Fire destroys large parts of Shuri castle in Japan as blaze engulfs the beloved world heritage site 2 years ago

Fire destroys large parts of Shuri castle in Japan as blaze engulfs the beloved world heritage site

Fire engulfed the site that's nearly 600-years-old.

A fire has destroyed large parts of Shuri castle on the southern Japanese island of Okinawa.


Flames engulfed the castle, a UNESCO world heritage site located in the island’s capital Naha, at around 2:40 am. The flames quickly spread to other buildings in the complex, local police said.

Almost 4,800 square meters of the facility were destroyed by the blaze, including the main, north and south buildings.

There were no initial reports of injuries, but about 30 nearby residents were evacuated while firefighters spent several hours attempting to bring the fire under control.

While the cause is unknown, the blaze is believed to have started in the castle’s main structure.


Nearly a dozen fire engines were dispatched to the scene and the blaze has since been extinguished.

“The cause of the fire has not been determined yet but a security company alarm went off at around 2.30 in the morning,” Ryo Kochi, a spokesman with the Okinawa prefectural police said.

The castle has historically symbolised the ancient Ryukyu kingdom and the island’s recovery from WW2.  More recently, the castle has come to symbolise Okinawa’s struggle to overcome the devastation of war.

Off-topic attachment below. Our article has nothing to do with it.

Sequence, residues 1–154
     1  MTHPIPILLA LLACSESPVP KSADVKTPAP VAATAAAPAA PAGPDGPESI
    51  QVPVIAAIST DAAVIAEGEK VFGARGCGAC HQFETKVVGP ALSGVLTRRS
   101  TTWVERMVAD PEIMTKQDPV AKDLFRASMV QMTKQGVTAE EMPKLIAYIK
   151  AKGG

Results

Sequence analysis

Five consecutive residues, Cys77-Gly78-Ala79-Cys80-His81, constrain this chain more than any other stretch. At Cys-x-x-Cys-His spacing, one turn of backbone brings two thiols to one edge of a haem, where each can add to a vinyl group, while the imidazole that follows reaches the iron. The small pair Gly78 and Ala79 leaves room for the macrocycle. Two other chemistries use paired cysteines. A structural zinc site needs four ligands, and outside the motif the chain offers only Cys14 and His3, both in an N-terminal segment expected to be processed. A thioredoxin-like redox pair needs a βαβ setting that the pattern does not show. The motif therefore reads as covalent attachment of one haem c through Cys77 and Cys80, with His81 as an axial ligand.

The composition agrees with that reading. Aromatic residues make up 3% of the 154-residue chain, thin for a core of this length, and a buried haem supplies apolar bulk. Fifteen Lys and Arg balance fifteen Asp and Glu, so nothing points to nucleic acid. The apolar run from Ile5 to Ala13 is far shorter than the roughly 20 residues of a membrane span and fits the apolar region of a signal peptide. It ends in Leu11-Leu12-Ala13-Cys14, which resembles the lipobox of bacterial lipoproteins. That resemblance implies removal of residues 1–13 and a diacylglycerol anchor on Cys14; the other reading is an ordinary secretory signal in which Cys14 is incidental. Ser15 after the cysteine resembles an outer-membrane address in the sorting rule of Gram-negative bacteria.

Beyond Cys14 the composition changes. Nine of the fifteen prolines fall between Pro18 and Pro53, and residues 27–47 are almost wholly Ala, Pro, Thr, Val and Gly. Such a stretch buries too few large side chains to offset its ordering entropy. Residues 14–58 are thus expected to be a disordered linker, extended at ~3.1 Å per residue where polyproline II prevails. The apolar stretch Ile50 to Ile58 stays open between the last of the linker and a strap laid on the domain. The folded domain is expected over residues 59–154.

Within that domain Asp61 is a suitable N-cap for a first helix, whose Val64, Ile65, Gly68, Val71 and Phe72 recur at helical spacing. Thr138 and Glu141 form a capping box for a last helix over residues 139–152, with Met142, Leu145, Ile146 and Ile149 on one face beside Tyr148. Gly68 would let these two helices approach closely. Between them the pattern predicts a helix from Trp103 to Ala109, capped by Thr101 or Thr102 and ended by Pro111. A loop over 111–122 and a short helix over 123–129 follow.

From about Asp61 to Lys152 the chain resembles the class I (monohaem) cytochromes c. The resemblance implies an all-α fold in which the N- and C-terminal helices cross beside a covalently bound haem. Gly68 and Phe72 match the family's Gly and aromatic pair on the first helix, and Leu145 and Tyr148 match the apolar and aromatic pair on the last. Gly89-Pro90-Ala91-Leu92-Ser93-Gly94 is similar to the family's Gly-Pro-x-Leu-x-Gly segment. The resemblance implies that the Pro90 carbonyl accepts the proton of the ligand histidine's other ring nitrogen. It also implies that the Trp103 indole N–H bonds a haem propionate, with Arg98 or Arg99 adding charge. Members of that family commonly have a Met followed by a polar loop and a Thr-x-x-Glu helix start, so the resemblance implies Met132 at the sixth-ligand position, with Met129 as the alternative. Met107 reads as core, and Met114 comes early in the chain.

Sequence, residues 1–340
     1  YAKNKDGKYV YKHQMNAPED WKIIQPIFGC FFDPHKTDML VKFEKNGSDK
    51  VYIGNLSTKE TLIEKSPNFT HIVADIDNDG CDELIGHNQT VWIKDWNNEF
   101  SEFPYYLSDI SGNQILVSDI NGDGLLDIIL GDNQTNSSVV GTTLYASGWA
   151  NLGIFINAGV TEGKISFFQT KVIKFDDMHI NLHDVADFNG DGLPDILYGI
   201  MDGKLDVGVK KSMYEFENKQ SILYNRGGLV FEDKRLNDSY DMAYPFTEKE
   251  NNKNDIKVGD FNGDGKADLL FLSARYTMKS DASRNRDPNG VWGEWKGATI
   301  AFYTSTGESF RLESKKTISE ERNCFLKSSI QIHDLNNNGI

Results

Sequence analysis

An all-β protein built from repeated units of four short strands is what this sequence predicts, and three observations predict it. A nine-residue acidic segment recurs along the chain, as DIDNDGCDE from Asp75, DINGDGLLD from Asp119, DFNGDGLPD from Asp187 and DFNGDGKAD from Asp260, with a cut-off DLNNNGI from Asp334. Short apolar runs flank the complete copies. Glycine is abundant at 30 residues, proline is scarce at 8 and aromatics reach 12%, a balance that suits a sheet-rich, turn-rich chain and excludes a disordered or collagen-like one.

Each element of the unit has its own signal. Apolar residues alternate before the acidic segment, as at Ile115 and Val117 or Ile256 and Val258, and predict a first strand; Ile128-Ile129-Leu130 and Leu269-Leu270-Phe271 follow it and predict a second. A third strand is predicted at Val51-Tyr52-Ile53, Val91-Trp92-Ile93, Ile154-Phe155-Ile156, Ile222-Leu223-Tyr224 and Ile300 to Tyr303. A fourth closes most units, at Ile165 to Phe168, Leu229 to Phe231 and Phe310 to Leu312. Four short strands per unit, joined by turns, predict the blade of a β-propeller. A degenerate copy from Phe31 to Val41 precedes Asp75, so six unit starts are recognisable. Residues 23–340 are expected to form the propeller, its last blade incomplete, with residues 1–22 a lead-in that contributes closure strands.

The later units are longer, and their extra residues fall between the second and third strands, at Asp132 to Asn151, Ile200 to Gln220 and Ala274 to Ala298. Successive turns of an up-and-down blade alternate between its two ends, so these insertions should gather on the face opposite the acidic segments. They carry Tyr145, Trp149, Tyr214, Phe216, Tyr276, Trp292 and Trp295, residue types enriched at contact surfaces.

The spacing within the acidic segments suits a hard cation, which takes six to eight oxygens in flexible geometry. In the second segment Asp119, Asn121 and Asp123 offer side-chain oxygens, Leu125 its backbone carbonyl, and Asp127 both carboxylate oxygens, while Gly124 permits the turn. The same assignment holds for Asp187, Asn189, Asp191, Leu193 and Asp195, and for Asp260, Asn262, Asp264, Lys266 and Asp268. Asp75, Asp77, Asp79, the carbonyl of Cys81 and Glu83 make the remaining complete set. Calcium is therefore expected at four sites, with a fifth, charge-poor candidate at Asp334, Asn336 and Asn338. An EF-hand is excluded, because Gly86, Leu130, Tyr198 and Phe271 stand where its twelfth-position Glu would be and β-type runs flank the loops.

The castle long served as the heart of the Ryukyu Kingdom, which ruled the island prefecture from 1429 to 1879, but was destroyed in the Battle of Okinawa in the closing days of World War II. The structures were reconstructed in 1992, and the castle ruins were designated as a UNESCO World Heritage Site in 2000.


“Five hundred years of Ryukyuan history [12th-17th century] are represented by this group of sites and monuments.The ruins of the castles, on imposing elevated sites, are evidence for the social structure over much of that period, while the sacred sites provide mute testimony to the rare survival of an ancient form of religion into the modern age," the Unesco website says.

“I am extremely saddened by this. I am utterly in shock. We have lost our symbol," Naha Mayor Mikiko Shiroma told reporters.

Chief Cabinet Secretary Yoshihide Suga said at a news conference in Tokyo that the government will do all it can to reconstruct the castle.


Clip via South China Morning Post